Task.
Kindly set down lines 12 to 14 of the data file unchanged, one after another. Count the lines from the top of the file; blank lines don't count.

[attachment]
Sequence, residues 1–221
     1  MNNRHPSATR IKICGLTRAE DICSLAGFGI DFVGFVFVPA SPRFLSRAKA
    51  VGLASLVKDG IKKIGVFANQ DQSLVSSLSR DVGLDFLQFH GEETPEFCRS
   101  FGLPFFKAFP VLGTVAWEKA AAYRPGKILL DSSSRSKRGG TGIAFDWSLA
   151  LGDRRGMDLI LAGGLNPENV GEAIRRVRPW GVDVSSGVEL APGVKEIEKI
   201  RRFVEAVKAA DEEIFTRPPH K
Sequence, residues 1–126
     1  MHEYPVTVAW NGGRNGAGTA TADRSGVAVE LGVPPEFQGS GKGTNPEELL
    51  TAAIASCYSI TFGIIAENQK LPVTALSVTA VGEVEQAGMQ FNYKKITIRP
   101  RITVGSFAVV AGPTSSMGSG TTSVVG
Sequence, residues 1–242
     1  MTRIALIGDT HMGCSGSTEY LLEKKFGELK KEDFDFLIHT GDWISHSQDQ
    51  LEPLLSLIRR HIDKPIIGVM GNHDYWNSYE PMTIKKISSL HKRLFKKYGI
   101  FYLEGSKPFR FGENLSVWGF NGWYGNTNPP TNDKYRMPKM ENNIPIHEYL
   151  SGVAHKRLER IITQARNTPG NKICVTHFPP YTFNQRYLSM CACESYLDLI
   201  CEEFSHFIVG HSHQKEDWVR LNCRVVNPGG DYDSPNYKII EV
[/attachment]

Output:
     1  MTRIALIGDT HMGCSGSTEY LLEKKFGELK KEDFDFLIHT GDWISHSQDQ
    51  LEPLLSLIRR HIDKPIIGVM GNHDYWNSYE PMTIKKISSL HKRLFKKYGI
   101  FYLEGSKPFR FGENLSVWGF NGWYGNTNPP TNDKYRMPKM ENNIPIHEYL